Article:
Born with spina bifida and a neurological condition that causes learning delays, Travis Roberts was never expected to even walk, let alone achieve academically or live independently.
This Saturday, he’ll walk across the stage to receive his high school diploma. Then he plans to go out and celebrate using money he’s earned from his job as a mechanical technician — so long as all his bills are paid, of course.
“I think what my graduation says is that if you have a dream, don’t let anyone hold you down,” said Roberts, 21, who will graduate from Karen M. Siegel Academy, one of three PCPS learning centers for students with special needs.
Watching from the audience as Travis graduates will be the person who’s been by his side from the very first day of his life: his dad, Larry.
When he was just a newborn, Travis’ doctors scanned his body and “it was like they could see his whole life,” Larry Roberts said.
“They said he wasn’t going to be able to walk, or use the bathroom by himself, or do much of anything.”
Right as the doctors dealt that devastating prognosis, Larry felt his son’s tiny feet press hard against his palm:
“I said, ‘He’s going to walk.’”
Travis underwent surgery the day after his birth to correct his spine. He’s been beating the odds ever since.
“I’m just blown away at everything he’s been able to do,” Larry said.
Travis began attending Karen M. Siegel in middle school, where he thrived with the support of teachers and staff members.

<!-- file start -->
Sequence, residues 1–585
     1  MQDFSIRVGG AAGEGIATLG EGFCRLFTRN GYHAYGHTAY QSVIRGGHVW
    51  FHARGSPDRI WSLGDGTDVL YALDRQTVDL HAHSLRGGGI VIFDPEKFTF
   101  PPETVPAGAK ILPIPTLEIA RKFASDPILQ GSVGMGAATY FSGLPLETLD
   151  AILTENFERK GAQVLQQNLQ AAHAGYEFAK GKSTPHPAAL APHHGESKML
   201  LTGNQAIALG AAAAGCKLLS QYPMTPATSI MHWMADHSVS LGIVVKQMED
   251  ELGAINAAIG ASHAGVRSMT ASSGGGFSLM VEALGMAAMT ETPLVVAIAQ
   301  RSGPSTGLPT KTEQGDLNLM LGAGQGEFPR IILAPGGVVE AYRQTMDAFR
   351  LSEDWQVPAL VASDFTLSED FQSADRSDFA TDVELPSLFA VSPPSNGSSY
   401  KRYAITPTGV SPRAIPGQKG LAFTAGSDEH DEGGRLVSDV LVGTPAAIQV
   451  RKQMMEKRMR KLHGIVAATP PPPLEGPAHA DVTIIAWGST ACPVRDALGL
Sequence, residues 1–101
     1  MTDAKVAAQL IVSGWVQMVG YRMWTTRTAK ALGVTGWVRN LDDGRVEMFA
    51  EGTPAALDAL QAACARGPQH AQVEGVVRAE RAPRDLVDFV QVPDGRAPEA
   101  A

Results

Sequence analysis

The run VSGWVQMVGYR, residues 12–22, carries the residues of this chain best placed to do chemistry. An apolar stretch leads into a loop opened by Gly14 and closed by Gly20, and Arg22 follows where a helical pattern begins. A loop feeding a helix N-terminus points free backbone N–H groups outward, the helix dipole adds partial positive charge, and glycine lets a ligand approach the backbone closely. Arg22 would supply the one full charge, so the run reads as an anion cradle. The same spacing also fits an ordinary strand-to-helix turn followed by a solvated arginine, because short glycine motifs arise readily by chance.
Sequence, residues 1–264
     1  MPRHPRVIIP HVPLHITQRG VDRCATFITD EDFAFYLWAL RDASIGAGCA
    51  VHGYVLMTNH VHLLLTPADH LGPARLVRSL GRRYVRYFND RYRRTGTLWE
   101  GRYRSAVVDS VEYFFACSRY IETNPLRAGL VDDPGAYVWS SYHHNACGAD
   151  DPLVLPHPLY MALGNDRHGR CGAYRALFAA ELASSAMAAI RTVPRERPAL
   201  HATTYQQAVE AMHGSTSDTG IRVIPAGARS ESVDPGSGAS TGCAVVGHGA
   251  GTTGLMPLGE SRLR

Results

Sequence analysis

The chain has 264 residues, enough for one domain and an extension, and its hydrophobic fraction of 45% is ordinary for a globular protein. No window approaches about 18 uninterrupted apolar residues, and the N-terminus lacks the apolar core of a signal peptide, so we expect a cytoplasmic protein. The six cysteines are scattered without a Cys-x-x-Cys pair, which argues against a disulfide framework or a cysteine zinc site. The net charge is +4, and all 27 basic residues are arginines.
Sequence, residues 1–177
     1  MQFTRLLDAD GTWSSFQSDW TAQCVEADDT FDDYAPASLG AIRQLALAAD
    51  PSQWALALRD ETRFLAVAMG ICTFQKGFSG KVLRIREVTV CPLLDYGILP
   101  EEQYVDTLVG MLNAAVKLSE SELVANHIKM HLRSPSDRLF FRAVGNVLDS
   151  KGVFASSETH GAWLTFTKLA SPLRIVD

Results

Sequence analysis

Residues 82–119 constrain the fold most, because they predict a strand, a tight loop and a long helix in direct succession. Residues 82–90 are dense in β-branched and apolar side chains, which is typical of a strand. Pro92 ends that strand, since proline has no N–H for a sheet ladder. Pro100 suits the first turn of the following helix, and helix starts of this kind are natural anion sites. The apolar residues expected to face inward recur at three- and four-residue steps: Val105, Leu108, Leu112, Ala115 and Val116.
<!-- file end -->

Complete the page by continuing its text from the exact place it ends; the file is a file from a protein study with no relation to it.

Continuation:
His math and reading skills improved. He participated in Special Olympics basketball, track and bowling. He served as president of the school’s FFA chapter.
When he told the school staff that he wanted to get his learner’s permit, they told him he could if he worked hard enough, and they helped him study. He earned his permit last December.
“They motivated me. I’m very grateful,” Travis said.
He’s now working alongside Larry as a mechanical technician for United Refrigeration & Air Conditioning Inc. The improved math and reading skills he gained at Karen M. Siegel help him with practical tasks such as measuring filters and reading equipment manuals and work orders.
“He’s going to make an awesome technician,” Larry said. “He’s focused, has good mechanical ability and he follows directions well.”
Travis’ take: “It feels good to fix air conditioners. I’m proud to have a job. I like working with my dad, and I like paycheck Friday.”
Travis is able to pay his phone bill, rent to his dad, and his gym membership. He also just bought some furniture to begin building his credit.
If finances ever get tight, Travis has already proven he can make extra cash if he needs it.
A while back, he noticed Karen M. Siegel was getting rid of a broken lawn mower, and asked the school if he could have it. Travis and his dad rebuilt the carburetor and he used it to start cutting yards in his neighborhood.
His mowing services are in such high demand that now he has to turn work away so he has time to rest in the evenings.
Watching his son overcome so many challenges has not always been easy, but what’s hardest of all, Larry said, is stepping back and letting Travis walk forward into his own life as an adult.
“I have to loosen the reins and start letting him go,” Larry said. “He can do it.”
PCPS’ three learning centers — Doris A. Sanders, Jean O’Dell and Karen M. Siegel — will stage their Class of 2020 graduations beginning at 10 a.m. on Saturday at Lake Region High School. The ceremonies were delayed because of COVID-19.
Check PCPS’ social media accounts for coverage details of the events.